Clearly, then, Bérubé means that Stevens’s reelection is immoral. Moralizing about popular outcomes is precisely what has landed us in this discursive mess. Stevens’s conduct is wrong, but his election is legitimate. To speak any other way is to commit an ignoratio elenchi.


Unknown said...

A worthy post - John McCain's tone of his concession speech was an excellent start to this trend. While it is typical of the losing candidate to offer support to the victor, I somehow feel that McCain meant what he promised - a desire to work together with President Obama. It is a brave new world we are now facing.

Michael Bérubé said...

Dang, it's weird that you left out the immediate antecedent of my "dang, what is wrong with you people" -- namely, the re-election of Ted Stevens. Surely there is something wrong with electing a convicted felon, no? I mean, I thought conservatives believed in law and order and stuff.

And you got my tone wrong, too. It wasn't sneering -- it was bewildered. Just so you know.

D. G. Myers said...

Re: Bérubé's comments. Fair enough on tone (although you did sneer at Stanley Kurtz, who has carefully documented every claim that he has made about Obama).

On Stevens: you could not be more correct. You will not agree with me, though, that his corruption is one more reason to admire Governor Sarah Palin, who is Stevens’s fiercest opponent in Alaska.

Michael Bérubé said...

Actually, I'm kind of worried that Stanley Kurtz is onto us: "Gamaliel specializes in ideological stealth, and Obama, a master student of Gamaliel strategy, shows disturbing signs of being a sub rosa radical himself." Then again, if Obama truly is a master student of ideological stealth, eight years from now we still won't have understood fully just how radical he is. That's how sub rosa it's gonna be.

And yes, Governor Palin is considerably less corrupt than Ted Stevens. I've learned much from the past few months' crash course in Alaskan politics . . . but I'm still intensely curious as to why she wouldn't say whether she voted for him.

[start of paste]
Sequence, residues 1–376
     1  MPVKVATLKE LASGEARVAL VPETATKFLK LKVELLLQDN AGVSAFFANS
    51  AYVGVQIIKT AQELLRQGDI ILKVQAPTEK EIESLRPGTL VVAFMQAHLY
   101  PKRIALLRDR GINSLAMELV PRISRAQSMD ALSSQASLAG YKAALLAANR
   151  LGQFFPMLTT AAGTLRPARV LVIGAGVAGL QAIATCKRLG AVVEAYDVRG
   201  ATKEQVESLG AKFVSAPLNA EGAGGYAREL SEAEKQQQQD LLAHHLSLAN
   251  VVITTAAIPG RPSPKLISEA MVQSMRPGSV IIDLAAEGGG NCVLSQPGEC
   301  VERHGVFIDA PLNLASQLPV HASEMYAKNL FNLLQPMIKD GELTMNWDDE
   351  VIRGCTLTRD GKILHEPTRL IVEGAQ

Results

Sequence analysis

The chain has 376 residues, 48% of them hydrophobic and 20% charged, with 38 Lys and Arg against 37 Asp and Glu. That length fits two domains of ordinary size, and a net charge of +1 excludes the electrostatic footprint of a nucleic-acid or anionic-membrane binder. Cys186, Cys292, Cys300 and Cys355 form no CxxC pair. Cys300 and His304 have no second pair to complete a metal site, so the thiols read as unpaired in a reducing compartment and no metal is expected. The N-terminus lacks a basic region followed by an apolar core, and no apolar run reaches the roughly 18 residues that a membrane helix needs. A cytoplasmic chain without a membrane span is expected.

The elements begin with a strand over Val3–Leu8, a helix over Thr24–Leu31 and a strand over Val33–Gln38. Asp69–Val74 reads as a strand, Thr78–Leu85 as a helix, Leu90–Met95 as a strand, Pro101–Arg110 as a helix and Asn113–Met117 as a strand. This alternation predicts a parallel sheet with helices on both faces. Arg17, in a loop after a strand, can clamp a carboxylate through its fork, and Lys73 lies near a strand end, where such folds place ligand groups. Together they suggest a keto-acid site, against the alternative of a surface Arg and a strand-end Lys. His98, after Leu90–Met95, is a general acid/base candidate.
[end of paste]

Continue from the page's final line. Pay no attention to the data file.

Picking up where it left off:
D. G. Myers said...

Gosh, maybe she actually believes in the secret ballot.

Unknown said...

I note that the 'non drive by media' talk show hosts rushed to the attack today. Again, not referencing anyone in particular, one bloviator stated that he is one of the 58 million who said no and that is where he will remain - a rejectionist.

Anonymous said...

Couple of points. First, the Gerson quote is as pure and obvious a false equivalence as you're going to find. Can you seriously not see that? C'mon, man.

And second, what on earth does Palin's behavior have to do with the secrecy of the ballot? That's just incorrect - a mistake - not true.

Just an FYI.

Charlie Green said...

I find the criticism of Berube a little bizarre. Not only do you pull several of his comments way out of context, who cares about the tone of his blog? (More importantly, about the tone of a single post that's really just representative of one kind of writing style he displays.) What about his academic articles, his public speeches, etc.?

Oh, and anonymous is right about the false equivalence.